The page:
Hurrah for the resourcefulness of weeds!
Here is one of my nephews interacting with a toad next to Cayuga Lake in upstate New York. Ryder lives in southern California and will happily sing the entire song “Uptown Funk” (by Mick Ronson featuring Bruno Mars) if you ask him to.
This is my other nephew and my niece with my older sister (their mother) in the background by their garden in upstate New York.
They love each other very much.
Although originally from Detroit, MI, they have grown up on a farm.
I feel inordinately blessed to be the uncle of three such delightful human beings.
These are peaches growing on a little tree my mother and step father planted in Connecticut. I am astounded at how much fruit even a small tree can create — seemingly out of thin air!
Trees amaze me in so many ways.
I was looking at photos of the thousand year-old redwoods in California recently, trying to imagine what their sense of time might feel like…
I am impressed by how much patience and trust a plant has to have — that it will get enough rain, for example — since it cannot get up and move around the way we animals do.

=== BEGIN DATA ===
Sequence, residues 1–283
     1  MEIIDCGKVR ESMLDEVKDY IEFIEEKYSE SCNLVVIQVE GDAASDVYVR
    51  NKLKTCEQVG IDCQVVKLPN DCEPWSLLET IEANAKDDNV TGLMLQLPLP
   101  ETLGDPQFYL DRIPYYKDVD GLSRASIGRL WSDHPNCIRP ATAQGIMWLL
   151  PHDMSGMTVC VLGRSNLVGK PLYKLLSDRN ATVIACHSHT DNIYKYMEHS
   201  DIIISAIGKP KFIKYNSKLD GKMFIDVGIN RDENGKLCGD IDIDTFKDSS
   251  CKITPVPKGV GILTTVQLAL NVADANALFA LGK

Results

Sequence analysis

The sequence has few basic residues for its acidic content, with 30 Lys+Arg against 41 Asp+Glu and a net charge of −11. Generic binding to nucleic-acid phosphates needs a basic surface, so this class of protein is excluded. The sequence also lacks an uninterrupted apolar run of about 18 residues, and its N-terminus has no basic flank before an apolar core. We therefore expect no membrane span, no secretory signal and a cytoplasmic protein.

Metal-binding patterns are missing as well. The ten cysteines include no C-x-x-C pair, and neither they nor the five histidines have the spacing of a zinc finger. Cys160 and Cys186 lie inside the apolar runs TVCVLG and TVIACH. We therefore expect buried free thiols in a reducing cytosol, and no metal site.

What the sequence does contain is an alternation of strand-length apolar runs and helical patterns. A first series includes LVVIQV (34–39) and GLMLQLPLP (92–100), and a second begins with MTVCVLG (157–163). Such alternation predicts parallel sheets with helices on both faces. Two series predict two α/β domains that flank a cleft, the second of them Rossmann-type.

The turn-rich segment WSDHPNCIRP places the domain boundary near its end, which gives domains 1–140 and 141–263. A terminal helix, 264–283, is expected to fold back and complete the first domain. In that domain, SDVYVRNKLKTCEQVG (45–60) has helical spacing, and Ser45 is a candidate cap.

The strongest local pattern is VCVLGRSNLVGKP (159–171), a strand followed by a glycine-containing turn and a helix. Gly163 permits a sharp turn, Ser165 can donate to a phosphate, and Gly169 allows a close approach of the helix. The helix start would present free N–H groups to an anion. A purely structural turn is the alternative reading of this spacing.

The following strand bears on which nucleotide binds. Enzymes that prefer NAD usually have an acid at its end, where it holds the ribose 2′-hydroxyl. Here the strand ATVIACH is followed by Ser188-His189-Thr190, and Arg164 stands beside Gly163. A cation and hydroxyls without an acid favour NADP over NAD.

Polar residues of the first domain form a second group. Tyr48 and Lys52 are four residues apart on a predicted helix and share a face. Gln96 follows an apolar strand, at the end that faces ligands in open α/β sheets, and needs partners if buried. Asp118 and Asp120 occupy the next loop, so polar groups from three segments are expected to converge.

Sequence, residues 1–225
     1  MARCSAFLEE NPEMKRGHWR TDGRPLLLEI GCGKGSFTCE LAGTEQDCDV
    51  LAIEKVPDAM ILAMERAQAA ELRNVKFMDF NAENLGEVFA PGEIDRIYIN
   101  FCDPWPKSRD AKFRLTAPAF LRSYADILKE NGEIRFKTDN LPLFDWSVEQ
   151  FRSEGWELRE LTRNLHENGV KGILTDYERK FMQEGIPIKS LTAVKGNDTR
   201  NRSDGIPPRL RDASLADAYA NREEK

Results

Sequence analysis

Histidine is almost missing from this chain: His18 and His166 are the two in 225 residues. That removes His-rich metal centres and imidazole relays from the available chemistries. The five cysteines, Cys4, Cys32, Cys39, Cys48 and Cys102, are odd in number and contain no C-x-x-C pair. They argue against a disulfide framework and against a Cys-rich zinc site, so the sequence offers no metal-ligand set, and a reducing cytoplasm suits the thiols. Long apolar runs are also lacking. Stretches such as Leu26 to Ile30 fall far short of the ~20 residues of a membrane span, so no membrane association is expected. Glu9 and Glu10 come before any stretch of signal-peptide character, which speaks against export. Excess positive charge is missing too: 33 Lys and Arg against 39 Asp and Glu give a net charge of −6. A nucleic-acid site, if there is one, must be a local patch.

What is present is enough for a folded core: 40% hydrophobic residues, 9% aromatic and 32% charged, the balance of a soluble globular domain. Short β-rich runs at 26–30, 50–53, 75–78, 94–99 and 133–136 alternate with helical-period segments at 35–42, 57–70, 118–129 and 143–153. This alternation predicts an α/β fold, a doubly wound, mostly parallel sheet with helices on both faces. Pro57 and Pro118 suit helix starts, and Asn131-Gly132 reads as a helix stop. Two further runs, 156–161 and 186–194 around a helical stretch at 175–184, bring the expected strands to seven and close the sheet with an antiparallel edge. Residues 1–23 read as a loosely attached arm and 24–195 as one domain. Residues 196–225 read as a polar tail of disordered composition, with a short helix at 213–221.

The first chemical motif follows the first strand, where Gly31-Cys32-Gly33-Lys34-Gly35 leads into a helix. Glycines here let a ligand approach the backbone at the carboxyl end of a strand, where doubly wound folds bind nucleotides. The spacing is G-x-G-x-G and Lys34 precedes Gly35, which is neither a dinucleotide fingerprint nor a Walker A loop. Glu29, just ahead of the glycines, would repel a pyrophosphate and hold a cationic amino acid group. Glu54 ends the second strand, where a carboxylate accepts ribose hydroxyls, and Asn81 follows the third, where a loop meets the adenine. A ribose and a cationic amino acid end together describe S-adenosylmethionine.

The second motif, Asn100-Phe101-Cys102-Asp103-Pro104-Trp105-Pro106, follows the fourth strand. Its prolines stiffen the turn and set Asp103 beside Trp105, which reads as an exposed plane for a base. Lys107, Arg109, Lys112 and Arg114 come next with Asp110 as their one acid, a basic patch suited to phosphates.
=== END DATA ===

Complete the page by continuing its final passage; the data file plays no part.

And how generous they are to feed us with their fruit, their nuts, their berries — although it is hard to know whether they are generous because they want to be or because they have no other option…
Isn’t this Asian pear beautiful? How does the tree grow it?!
And let’s not forget our invaluable allies — the bees, bats and birds who pollinate different plants and — according to recent statistics I read in an article about bee health — are responsible for the cultivation of a third of the food we humans eat…
What an amazing system: beautiful flowers which delight our human eyes and attract (and perhaps also delight) billions of extremely hard-working and diligent pollinators whose diligent work leads to delicious, nutritious food for so many beings — many of them human — to eat.
And it’s powered by photons traveling through space from a nearby star.
And it’s assisted by water which falls from the sky, is sucked up by the plants’ roots, is incorporated into leaves and flowers and fruits and berries, and eventually evaporates back into the sky — only to begin the cycle again.
What a planet!
As Peter writes in his song, “The challenging thing becomes not to look for miracles — but finding where there isn’t one…”